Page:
A federal judge said Monday that he would not throw out a subpoena for a Lower Merion School District technology coordinator in a laptop Web-cam lawsuit.
U.S. District Judge Jan E. DuBois said Carol Cafiero might have information useful to the case because she was able to activate the cameras on the student-issued computers. Cafiero is trying to block efforts to get her to testify in the case.
The district was sued in February by the family of Blake Robbins, a Harriton High School sophomore, alleging that its right to privacy had been violated by the district's Web-cam surveillance on a laptop he had at home.
The district has said the cameras were activated remotely 42 times in an effort to recover laptops that could not be found.
The judge said Cafiero could assert her Fifth Amendment right not to testify at a deposition in the case. He said she has not been indicted or named in a target letter.
In a related development, a second Harriton student and his parents filed a 37-page brief Monday in federal court in Philadelphia asking to intervene as second plaintiff in the Robbins suit.
Senior Evan A. Neill and his parents, Richard A. Neill and Elaine Louise Reed, asked the judge to bar the district from remotely accessing the laptops without creating safeguards.
Shortly after the disclosure of its Web-cam use, the district said it had ended the practice.
The Neills also asked for an expedited order to keep private any images or material obtained remotely via school-issued laptops, including streaming video, audio tracks, and still shots made from video. No damages are being sought.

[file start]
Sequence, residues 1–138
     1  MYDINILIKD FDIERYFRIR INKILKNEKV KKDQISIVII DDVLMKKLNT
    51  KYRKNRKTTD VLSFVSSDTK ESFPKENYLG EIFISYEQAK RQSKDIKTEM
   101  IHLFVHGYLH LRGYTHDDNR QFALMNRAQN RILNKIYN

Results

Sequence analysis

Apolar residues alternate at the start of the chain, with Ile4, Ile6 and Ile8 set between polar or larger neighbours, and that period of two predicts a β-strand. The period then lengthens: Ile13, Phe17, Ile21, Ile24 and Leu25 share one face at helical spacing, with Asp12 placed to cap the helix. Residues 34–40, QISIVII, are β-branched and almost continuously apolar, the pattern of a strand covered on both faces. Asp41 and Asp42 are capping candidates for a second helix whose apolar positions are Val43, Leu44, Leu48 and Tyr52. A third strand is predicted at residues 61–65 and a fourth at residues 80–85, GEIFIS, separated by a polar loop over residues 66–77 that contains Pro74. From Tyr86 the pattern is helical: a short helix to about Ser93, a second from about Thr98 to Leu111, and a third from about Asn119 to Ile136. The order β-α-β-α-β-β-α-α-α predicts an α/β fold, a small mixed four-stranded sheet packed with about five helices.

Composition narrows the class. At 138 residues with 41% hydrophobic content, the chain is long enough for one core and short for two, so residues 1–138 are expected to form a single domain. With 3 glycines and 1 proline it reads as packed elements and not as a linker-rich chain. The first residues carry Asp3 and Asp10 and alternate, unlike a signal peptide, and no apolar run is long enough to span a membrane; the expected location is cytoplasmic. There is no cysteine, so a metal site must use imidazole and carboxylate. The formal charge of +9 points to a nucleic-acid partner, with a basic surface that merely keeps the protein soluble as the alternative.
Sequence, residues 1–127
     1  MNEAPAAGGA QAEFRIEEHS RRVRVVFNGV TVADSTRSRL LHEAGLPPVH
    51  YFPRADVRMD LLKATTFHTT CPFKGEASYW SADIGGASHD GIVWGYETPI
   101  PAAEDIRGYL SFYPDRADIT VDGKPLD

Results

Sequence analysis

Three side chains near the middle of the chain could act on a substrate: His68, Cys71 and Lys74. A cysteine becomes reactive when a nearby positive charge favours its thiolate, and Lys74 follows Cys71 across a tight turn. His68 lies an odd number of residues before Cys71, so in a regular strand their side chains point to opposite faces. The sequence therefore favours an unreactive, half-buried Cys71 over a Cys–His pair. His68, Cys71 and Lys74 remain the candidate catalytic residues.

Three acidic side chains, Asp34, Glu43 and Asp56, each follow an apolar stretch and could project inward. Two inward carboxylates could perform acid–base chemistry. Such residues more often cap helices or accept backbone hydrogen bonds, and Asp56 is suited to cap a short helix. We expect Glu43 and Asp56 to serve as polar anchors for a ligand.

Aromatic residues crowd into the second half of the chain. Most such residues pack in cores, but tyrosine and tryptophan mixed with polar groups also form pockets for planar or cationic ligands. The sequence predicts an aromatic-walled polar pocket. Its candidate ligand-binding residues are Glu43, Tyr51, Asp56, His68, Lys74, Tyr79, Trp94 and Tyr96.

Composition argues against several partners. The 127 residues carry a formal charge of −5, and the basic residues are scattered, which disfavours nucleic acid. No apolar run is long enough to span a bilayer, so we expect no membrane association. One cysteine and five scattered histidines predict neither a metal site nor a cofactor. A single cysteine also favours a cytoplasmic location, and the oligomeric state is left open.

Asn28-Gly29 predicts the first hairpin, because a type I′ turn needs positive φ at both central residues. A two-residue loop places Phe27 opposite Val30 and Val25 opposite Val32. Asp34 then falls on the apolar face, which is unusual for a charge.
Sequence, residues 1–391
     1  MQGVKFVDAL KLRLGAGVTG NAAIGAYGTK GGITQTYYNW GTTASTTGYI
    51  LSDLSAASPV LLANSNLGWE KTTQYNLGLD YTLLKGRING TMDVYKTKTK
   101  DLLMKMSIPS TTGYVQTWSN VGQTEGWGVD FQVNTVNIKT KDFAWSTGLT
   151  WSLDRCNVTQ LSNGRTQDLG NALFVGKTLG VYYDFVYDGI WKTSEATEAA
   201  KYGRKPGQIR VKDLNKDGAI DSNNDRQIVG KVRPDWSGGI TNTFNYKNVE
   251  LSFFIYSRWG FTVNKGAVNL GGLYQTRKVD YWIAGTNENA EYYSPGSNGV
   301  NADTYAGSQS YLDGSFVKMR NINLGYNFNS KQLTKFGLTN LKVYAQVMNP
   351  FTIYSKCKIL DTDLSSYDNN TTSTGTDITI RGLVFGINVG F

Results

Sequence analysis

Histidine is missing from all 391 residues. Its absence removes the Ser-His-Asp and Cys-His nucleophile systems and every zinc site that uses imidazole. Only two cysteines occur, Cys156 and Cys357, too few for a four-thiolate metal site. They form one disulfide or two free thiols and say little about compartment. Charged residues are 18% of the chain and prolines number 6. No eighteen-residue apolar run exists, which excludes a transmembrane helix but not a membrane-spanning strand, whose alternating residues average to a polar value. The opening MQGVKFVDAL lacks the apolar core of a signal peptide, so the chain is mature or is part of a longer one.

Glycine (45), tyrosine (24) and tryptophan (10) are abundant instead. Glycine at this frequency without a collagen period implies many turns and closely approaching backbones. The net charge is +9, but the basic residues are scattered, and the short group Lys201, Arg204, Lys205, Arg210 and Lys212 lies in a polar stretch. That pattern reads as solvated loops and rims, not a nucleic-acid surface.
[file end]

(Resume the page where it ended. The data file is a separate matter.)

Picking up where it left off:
Evan Neill had a school-issued laptop the last two years and kept it open and running, according to a statement issued by the American Civil Liberties Union of Pennsylvania, which is representing the family along with private counsel.
"Evan primarily used the laptop in his personal bedroom, but occasionally moved the laptop into other rooms in the house that he shared with his family," the statement said.
Henry E. Hockeimer, the district's Philadelphia-based attorney, said in an e-mail that "the district has no intention of making any photos public."
"Per Judge DuBois's order, the district will respond to this motion to intervene in the next day or so," Hockeimer wrote.
It could not be determined Monday night whether Cafiero's attorney would appeal the judge's refusal to quash the subpoena.